Indonesia Toba Wangi 'Prime' Black Tea

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Black Tea
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Edit tea info Last updated by Daylon R Thomas
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From What-Cha

A smooth sweet black tea with a taste of gentle malt and carob chocolate.

Produced by Toba Wangi who have recently established two tea estates (one assamica and the other sinensis) in West Java.

Toba Wangi are run by Galung Atri who has introduced new ideas to the Indonesian tea industry having learnt from tea producers in Wuyi and Japan.

Tasting Notes:
- Carob aroma
- Smooth texture
- Sweet gentle malt with a carob chocolate taste

Harvest: Spring 2016

Origin: Pengalengan, West Java, Indonesia
Organic: Non-certified organic
Altitude: 1,300m

Variety: Assamica
Cultivar: Gambung 7
Propagation: Seeds
Age: Planted 2011 onwards

Sourced: Direct from the farmer Galung Atri
Percentage of price going back to the farmer: 15%+

Brewing Advice:
- Heat water to roughly 95°C/203°F
- Use 2 teaspoons per cup/small teapot
- Brew for 3-4 minutes

Packaging: Resealable ziplock bag

About What-Cha View company

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3 Tasting Notes

2 tasting notes

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790 tasting notes

There is a mild menthol scent to this tea and it feels thick. But oddly, I don’t get much flavor at all out of it that I can talk about. Not even “tea”. I would be hard pressed, if given a cup I couldn’t see the liquid in, to even say this was tea. It’s not that it’s bad, it just isn’t much of anything. Thanks for sharing, Daylon R Thomas!

Daylon R Thomas

I’m sorry that the tea was such a let down. I hope that you are enjoying the other ones that I sent!


No worries. They can’t all be hits. :) And it may just be an off day for tastebuds. Never know.

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1670 tasting notes

Here’s to my other insatiable desire for ‘chocolate note’ black tea!

And backlog. What-Cha describes it having a carob profile, and I agree for the most part. I was surprised at how much this tea reminded me of an Assam in its smooth quality. The carob like notes are closer to an Assam. It also has a fruity, chocolate covered raisin aftertaste. Oddly enough, I’ve had the same taste in some coffee from Java. Could be my imagination. More carob and malt in the overall body. It’s a little too strong for my tastes, but I will again play around with the sample. When don’t I play around with the brewing parameters anyway?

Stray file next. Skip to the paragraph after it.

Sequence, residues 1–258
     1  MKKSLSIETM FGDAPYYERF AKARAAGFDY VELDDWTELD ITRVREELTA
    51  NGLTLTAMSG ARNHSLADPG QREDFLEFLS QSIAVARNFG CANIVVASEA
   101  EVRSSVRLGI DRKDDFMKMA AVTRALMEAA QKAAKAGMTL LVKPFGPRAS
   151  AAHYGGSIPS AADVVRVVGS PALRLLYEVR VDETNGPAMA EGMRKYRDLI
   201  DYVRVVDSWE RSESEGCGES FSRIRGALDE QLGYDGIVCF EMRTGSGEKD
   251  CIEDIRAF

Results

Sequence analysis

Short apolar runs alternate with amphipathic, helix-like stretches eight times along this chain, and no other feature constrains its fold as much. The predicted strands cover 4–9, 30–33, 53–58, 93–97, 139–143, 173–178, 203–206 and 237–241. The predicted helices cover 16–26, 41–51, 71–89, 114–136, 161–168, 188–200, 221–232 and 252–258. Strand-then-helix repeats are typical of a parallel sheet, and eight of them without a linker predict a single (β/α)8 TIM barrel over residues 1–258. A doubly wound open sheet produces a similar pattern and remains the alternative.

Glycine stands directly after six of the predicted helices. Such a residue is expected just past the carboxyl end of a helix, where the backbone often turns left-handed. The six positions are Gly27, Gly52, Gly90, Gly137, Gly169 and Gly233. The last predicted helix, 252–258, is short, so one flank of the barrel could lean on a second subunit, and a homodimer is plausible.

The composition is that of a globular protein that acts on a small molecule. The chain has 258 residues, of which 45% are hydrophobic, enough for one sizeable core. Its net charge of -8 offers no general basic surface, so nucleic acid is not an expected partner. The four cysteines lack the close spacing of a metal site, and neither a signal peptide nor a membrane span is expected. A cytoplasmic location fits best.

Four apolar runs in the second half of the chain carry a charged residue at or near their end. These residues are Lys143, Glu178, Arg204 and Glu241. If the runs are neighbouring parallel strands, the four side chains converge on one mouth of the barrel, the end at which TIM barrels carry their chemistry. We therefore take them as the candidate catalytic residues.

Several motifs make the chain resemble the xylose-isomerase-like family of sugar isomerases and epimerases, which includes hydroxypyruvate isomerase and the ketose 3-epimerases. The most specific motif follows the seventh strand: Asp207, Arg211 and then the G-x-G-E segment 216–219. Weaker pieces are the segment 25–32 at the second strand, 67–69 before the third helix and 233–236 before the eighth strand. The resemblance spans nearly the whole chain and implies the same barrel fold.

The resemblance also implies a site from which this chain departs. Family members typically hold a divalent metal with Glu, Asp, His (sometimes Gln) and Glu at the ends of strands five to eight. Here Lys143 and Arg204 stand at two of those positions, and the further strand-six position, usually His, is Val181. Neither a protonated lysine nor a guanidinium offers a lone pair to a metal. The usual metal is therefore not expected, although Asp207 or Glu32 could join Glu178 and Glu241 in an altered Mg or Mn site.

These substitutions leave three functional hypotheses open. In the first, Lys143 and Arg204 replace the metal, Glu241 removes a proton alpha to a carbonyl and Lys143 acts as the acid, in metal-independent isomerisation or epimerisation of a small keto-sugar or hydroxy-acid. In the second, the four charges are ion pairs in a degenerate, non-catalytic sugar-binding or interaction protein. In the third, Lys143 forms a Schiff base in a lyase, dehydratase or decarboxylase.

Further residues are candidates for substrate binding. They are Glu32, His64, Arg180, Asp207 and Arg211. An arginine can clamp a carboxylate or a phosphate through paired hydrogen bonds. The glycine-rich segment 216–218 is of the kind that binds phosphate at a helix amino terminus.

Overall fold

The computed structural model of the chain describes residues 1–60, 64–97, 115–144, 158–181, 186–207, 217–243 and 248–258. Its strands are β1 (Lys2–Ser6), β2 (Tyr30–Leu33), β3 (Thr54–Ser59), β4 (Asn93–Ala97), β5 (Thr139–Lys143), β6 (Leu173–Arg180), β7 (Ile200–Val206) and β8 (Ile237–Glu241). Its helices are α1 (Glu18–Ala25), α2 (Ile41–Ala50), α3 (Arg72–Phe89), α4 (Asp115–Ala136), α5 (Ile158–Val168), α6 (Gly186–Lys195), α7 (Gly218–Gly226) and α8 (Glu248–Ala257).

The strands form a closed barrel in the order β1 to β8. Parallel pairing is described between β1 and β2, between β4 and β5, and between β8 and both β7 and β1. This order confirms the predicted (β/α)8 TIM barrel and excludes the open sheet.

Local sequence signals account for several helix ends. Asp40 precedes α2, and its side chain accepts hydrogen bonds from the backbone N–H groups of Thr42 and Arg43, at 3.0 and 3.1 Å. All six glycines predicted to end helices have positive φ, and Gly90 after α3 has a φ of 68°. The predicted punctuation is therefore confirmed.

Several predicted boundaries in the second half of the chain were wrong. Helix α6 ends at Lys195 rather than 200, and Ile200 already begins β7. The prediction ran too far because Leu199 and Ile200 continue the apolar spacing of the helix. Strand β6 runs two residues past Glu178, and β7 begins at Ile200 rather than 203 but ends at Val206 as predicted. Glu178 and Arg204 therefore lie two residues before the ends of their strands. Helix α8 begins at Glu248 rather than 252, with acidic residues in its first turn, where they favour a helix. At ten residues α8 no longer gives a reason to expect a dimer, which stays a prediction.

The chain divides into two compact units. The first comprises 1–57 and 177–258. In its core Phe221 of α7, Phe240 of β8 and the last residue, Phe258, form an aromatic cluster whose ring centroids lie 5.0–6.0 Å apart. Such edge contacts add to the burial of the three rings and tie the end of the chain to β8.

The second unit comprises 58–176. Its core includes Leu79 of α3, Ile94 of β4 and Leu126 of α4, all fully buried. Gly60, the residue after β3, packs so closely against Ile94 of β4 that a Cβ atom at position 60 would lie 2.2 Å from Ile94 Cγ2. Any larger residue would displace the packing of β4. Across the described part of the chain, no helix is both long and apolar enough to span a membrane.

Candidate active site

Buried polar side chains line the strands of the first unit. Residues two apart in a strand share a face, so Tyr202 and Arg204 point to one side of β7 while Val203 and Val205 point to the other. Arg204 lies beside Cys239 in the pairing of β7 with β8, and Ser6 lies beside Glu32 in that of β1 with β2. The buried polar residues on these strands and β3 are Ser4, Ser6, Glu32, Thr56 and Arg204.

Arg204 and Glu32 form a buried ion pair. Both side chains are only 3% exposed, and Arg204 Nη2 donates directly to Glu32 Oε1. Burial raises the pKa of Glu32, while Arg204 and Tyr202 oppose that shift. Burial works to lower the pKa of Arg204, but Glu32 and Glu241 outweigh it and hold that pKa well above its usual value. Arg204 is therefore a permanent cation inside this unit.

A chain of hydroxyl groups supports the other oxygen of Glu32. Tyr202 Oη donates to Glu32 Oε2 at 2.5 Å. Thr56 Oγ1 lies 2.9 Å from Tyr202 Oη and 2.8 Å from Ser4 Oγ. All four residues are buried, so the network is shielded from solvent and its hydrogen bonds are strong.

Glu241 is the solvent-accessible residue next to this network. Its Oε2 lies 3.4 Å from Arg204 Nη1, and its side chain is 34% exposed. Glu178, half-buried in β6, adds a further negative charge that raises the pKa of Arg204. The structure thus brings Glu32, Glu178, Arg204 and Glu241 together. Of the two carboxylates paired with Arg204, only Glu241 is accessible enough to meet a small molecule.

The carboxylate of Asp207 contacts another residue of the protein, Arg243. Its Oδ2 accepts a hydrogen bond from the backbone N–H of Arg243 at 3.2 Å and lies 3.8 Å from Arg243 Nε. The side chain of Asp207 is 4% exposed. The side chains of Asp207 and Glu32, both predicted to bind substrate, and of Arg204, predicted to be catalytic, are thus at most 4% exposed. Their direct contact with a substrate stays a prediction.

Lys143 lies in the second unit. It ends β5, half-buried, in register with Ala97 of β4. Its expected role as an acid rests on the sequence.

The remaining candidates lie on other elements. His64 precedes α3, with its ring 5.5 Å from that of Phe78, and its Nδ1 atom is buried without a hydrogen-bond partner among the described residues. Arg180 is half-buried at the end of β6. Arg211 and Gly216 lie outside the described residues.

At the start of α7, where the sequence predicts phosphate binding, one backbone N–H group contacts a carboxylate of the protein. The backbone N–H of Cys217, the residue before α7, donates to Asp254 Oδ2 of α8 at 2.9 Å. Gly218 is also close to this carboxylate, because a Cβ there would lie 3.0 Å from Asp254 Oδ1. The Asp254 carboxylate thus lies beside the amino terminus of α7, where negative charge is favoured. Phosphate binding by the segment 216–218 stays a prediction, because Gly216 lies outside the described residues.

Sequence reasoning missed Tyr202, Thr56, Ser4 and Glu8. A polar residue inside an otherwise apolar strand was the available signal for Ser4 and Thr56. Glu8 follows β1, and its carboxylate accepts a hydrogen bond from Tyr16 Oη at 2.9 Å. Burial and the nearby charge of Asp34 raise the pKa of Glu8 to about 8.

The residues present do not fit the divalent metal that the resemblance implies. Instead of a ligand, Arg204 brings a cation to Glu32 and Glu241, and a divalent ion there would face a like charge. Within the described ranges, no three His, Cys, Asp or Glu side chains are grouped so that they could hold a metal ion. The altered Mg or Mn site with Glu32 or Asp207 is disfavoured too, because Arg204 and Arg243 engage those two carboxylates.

Evol Ving Ness

Oh man, are you drinking all these now, tonight?

Daylon R Thomas

No. The ones I drank today are: leftover brewed Taiwan Milk Oolong from What-Cha, Oollo Baozhong, a Hawaiian tea that tasted like a Baozhong (Mauna Kea Green). Tonight: the Chou Shi, the Pine Oolong, and now UNYtea’s Alishan.

Daylon R Thomas

I am on a search for “the perfect green affordable oolong” AGAIN and totally neglected Andrew’s wise advise on them. I listened to him for a few months, then I went green oolong crazy again. I’m convinced its a seasonal thing. I love Taiwan green oolongs, but since they are so weather dependent and so delicate, finding a lasting staple of one is a pain in the wallet. Turned out I wanted ALishan or a Lishan, but every single time I have those varieties, the taste is different.

Evol Ving Ness

Impressive nonetheless. I’d be up till Tuesday with this lineup.

Evol Ving Ness

Non-attachment. I suspect that is the key. Each moment is unique. Each breath is unique.

Evol Ving Ness

What was Andrew’s wise advice on them?

Daylon R Thomas

To be careful and not splerge on them because they can become incredibly expensive.


I don’t know if this is what you are after, but I love Premium Silky Green from Bird Pick Tea, which they have listed as a green tea but which is without doubt (see lots of reviews) a green oolong. It is so buttery and delicious. If I ever get my cupboard whittled down I will buy some more.

Evol Ving Ness

Ah! I am guessing that we’ve all been ignoring that advice then.

And ashmanra, I am writing that one down on my future—distant future—purchase list. Thanks for the tip.

Daylon R Thomas

I’ve seen it. I’m pretty damn sure it’s a Jin Xuan-which have all been hit or misses for me. I did want to try it eventually.

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